There are some absolute gems in the Boeing archives and – though I have always loved flying – I would trade any of my in-air memories for a shot at experiencing a 747 flight in the 1970s.
While the 1930s Boeing Clipper had everything from a powder room to a dining room (pictured in black and white, below), things got phenomenally jazzy in the Seventies. In the vintage American Airlines 747 Coach Lounge Commercial below, NBC’s Chet Huntley pimps out the airline’s Wurlitzer piano bar while The Fonz offers a fellow traveller a light…
It’s all very smooth…and very Don Draper.
For First Class, the Boeing 747’s small upper deck was turned into a cocktail bar in the sky; all Martinis, steaks, and ultra-modern swivel chairs. On Continental Airlines, there was even a pub.
Please take a moment to listen to Waltz of The Flowers while you receive a tour of the Boeing 747 100 Series’ First Class deck…
This may be one of my favourite Throwback Thursday finds in quite some time. Found in the August 1925 issue of ‘Popular Science Monthly‘, the article above – May Live to See – suggests that city dwellers would be living on four levels after 25 years had passed. Subtitled under ‘How You May Live and Travel in the City of 1950’, I certainly don’t disagree with the idea of a pedestrian-only level of land or a city full of spiral escalators.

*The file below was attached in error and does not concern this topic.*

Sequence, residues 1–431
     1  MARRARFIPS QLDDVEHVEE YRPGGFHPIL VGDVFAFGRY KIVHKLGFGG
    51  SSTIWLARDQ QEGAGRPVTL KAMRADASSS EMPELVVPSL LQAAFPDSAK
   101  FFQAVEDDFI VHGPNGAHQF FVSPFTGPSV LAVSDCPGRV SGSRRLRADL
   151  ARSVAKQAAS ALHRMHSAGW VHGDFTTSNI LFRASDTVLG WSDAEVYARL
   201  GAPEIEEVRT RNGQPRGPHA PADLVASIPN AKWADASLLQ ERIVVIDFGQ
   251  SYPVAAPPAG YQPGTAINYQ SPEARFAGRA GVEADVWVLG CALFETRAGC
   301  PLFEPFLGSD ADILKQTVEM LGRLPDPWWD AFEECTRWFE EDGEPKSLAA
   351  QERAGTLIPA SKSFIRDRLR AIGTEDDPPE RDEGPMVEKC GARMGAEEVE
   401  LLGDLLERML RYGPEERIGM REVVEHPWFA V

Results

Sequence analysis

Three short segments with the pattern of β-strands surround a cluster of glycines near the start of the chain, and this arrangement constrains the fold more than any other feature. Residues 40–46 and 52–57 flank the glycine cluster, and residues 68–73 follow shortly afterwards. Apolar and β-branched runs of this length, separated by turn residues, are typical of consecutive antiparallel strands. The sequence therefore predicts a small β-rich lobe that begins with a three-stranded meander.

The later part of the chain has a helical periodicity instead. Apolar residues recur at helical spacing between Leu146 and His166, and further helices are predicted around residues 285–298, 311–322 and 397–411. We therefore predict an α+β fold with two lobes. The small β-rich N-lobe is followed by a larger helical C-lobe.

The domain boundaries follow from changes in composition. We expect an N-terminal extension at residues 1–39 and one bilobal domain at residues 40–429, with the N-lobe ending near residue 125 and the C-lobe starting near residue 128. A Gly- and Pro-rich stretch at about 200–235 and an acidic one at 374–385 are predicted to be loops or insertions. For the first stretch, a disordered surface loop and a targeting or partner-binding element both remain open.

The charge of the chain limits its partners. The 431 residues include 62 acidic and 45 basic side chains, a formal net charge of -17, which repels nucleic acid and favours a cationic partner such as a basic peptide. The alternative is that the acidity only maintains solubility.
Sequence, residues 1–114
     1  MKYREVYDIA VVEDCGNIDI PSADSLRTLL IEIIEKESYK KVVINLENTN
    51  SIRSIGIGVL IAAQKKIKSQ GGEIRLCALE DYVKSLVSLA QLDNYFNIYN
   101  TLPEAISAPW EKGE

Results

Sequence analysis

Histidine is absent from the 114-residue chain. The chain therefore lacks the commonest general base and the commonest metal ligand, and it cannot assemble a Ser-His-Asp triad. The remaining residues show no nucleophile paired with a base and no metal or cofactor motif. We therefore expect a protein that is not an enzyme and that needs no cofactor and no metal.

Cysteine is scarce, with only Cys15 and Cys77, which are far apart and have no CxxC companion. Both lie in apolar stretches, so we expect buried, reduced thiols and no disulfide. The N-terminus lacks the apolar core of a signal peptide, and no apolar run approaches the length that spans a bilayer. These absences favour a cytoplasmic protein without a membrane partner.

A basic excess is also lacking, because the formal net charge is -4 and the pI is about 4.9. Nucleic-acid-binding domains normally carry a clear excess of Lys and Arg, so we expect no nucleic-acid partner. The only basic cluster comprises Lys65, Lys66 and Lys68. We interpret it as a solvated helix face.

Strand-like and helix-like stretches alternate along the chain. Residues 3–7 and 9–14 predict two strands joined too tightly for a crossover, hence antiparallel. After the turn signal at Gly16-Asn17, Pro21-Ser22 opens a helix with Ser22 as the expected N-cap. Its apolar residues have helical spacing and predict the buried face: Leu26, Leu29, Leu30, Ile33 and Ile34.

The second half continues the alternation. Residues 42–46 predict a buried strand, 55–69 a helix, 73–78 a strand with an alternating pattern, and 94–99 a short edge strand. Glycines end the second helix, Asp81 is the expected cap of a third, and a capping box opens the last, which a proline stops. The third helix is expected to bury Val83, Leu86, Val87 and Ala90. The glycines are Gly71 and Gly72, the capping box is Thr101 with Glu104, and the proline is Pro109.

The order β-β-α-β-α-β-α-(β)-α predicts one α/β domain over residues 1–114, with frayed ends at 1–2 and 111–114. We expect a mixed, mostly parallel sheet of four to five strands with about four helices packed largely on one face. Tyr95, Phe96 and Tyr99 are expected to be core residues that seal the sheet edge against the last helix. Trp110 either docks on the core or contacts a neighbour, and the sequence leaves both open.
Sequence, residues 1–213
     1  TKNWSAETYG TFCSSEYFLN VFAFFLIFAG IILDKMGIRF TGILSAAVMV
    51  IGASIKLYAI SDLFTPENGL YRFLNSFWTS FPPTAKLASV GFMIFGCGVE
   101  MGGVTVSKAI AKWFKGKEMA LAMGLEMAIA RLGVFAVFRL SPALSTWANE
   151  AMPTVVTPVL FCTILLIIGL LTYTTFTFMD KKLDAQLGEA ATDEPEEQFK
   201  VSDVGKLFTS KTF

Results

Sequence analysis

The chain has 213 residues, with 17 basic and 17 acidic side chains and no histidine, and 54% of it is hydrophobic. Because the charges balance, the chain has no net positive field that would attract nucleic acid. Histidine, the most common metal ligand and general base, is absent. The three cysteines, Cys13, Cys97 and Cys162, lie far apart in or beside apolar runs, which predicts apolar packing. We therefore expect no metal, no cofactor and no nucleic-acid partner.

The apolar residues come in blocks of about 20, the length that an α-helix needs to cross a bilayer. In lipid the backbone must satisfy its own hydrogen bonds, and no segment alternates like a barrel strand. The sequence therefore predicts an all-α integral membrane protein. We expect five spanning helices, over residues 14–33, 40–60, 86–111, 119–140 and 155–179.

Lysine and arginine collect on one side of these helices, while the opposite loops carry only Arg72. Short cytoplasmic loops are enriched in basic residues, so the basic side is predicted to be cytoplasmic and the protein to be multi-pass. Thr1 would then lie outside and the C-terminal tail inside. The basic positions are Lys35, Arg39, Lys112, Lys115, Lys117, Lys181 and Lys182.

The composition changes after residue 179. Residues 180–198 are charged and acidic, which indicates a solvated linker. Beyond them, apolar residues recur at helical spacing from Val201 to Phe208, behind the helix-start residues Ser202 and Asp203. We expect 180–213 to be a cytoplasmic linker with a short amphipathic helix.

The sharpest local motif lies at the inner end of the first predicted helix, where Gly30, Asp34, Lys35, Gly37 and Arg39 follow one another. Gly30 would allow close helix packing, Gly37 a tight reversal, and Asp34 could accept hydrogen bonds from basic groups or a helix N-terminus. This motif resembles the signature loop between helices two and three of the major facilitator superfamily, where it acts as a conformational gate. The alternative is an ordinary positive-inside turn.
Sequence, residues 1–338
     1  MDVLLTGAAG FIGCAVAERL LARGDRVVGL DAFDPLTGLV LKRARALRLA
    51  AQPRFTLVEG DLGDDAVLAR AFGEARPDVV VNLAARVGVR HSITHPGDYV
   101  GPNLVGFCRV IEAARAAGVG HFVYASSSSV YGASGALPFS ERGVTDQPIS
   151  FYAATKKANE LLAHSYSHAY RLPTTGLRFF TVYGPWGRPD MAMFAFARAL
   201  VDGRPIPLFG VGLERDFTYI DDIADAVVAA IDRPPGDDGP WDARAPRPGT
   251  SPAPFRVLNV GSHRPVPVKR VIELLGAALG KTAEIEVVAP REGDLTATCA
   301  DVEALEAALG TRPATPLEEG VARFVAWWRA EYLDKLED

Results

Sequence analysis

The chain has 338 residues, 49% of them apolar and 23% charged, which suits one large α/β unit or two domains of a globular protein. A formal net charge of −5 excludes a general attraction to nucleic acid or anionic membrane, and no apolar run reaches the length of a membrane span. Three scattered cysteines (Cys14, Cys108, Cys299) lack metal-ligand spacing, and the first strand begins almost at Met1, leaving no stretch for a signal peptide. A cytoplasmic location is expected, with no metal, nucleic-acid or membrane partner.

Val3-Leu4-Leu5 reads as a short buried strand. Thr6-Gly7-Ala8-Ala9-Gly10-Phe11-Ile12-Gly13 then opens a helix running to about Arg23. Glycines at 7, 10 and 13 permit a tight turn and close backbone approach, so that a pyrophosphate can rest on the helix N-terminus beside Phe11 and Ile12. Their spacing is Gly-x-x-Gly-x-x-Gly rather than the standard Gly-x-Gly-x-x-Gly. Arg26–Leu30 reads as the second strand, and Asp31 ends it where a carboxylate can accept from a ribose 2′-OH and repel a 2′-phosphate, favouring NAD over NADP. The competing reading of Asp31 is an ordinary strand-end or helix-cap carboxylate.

Serious talk, guys. It’s coming up to 100 years later. Where my spirals at?
Though actresses have to worry about the incredibly high quality of HD film picking up their every imperfection these days, the ladies of film had an entirely different problem in the 1920s. Because of the price, Orthochromatic film stock was the standard during the birth of film but was rather insensitive to red and yellow light on the spectrum. The processes used to correct this insensitivity to red and yellow in post-production would make it oversensitive to blue and violet. Make-up wise, this means that actors and actresses had to be made up with highly exaggerated and contradictory colors in order to look natural on film. Hence the hooker face.
Everyone’s go-to domestic goddess was quite the looker, wasn’t she? Martha Stewart – pictured here in a range of ads, including a Chanel ad (third picture) – first stepped into the limelight as a model in the 1960s to support herself while she attended college. In the PBS documentary Makers, Stewart revealed that she “[…] got enough modeling jobs at $50/hour — which was a lot of money at that time.”
Heads up, Karle Kloss: this model-turned-mogul is now worth over $638 million.
In my eyes, Twiggy was the original supermodel. Though she has obviously also earned fame as an actress and singer, Twiggy’s special long-lashed androgyny was one of the most iconic aesthetics of the Sixties. Few ‘supers’ achieve that sort of recognition. The difference between these rare vintage shots from California and modern-day Twiggy in a rather adorable video promoting her M&S collection (below) is mesmerizing.